TRENDS IN SCOTTISH ARCHITECTURE18th December 2023
As we go about our work designing buildings, certain trends come to light through each year. I was musing on this at the start of December, and four emerged. First is an increased desire for the protection and luxury of covered balconies and verandas, the second is metal-framed windows, which are definitely having a resurgence of popularity, the third is the dream of a small cosy building – a cabin or bothy – apart from one’s main house, and finally, the re-emergence of lime-based plaster to provide a traditional look and feel to interiors.
Covered verandas and the casting of shade
Recently I have noticed clients welcoming ideas for verandas, large roof overhangs, deep window recesses and even designs with whole first floors above decking or terracing to create covered outdoor rooms. New house design in colonial style is booming in America just now according to Architectural Digest magazine and it’s also a theme here in Scotland. To my delight, elements from the style have been asked for by clients on four of our current projects. The components enable expressive elegant architecture and inviting flexible spaces. While the need for shade and designing to minimise heat gain are more prevalent in hotter countries than Scotland, there is an increasing yearning for it here. But what is appealing here is the ability to shelter from inclement weather while still having that sought-after inside-outside connection.
Metal windows making a comeback
Windows are the eyes of a building and like in people they express much of the character. We often think of Art Deco style when metal windows are mentioned. The W20 steel profile, often with a grid-like design, is the classic look, which offers elegant simplicity and fine sections, which allow for really large expanses of glass. Versions today are thermally broken – meaning there is less heat transferred through the window frames so your home is cooler in the summer and warmer in the winter – and double glazed, preventing the condensation problems of the original metal windows. Metal offers a different aesthetic from timber, often with a slightly more industrial feel, although it’s also churchlike in some instances, benefitting many designs. Metal astragals can be used to divide up an opening in a particular way and the proportions created say something about the whole building. I have enjoyed designing window frames in bronze on a project this year. The sharp precision of bronze alongside a rough Scottish harl with spare stone cills will, I hope, give an unshowy mix of quality and permanence.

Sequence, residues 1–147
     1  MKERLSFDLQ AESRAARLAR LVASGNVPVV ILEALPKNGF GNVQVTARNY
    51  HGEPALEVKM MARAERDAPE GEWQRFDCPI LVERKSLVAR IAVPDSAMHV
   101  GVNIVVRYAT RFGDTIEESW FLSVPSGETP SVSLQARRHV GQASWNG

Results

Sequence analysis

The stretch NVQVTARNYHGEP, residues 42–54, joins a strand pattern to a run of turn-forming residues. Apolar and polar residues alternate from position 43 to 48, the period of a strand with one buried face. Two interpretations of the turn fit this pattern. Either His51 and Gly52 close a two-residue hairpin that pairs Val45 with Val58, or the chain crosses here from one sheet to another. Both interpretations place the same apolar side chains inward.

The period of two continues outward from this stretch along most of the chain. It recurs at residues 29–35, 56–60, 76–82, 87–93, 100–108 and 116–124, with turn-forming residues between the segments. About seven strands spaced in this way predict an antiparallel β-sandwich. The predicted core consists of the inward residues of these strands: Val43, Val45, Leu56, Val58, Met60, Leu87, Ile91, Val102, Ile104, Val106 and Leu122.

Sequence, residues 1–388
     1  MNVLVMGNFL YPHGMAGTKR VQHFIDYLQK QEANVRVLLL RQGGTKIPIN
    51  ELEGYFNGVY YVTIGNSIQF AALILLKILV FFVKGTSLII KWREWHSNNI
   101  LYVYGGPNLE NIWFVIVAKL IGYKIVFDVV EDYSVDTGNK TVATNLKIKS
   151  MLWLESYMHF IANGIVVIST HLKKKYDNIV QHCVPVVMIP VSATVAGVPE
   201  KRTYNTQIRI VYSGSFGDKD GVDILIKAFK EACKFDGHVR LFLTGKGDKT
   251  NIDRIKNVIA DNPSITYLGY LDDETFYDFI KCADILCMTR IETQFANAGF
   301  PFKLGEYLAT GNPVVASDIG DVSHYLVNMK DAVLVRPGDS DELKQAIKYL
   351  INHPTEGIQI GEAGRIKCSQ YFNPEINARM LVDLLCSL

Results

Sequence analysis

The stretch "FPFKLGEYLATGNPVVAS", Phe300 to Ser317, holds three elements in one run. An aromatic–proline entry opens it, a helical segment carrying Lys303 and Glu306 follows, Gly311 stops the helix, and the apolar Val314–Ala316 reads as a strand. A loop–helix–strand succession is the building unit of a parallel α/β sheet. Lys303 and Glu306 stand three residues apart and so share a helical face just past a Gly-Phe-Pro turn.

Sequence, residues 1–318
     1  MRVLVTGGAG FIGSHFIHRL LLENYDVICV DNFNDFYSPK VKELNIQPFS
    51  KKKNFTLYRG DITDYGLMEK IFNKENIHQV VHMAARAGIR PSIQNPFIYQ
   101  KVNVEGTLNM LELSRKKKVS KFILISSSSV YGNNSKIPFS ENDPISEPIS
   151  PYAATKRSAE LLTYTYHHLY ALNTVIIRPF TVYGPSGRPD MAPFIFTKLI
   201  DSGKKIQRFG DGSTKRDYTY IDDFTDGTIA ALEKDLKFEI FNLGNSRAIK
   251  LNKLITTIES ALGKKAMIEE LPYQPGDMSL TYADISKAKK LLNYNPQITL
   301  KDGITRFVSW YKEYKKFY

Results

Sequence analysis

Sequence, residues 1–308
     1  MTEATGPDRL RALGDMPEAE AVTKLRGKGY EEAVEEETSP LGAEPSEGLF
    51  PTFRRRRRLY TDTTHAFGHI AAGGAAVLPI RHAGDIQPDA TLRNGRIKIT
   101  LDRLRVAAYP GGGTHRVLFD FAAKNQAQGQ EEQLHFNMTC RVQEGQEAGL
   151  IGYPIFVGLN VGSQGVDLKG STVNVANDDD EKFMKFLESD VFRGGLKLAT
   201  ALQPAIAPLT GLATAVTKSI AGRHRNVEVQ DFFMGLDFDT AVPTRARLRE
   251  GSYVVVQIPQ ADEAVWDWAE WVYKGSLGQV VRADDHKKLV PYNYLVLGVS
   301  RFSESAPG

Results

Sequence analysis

Cabins, bothies, summer-houses, fishing huts and grottos
The desire to build small exquisite buildings in the landscape is not new. Architects have been doing it for centuries. And the idea of a tiny house deep in a forest or up a hill endures as a fairy-tale inspired dream. Often, these small buildings are a destination for their own sake, in a garden, on a country estate, up a hill or beside a river, in which case they need to be a delight. In our case we have seen them being added on to larger projects and then becoming the house-owners’ favourite spot – a secret escape to enjoy. I have noticed book authors, building suppliers, gardening magazines and makers all apparently busy in these spaces. The wish to go to a quiet and lovely little retreat in nature seems to be particularly high just now. Our challenge is to make them as creative and special as we can, while keeping their inherent simplicity intact.
Lime-based plaster, or Venetian plaster as it is often referred to, is becoming extremely popular. In contrast to plain matt walls, lime-based plaster brings variation across the surface making every inch of wall unique. We have collaborated with suppliers and installers to create these textured wall surfaces on several recent projects. These surfaces bring life and interest to living spaces without necessitating bold coloured walls, meaning that the furniture and views can be more in focus. We work with specialists to control the depth of texture, level of contrast, and length of stroke used to create the texture that clients are looking for. Some lime-based plasters can even be used in wet areas, allowing whole bathrooms to be finished in the same material, including within walk-in showers.
If you have a dream for a bothy, veranda, or building with metal windows, don’t hesitate to get in touch >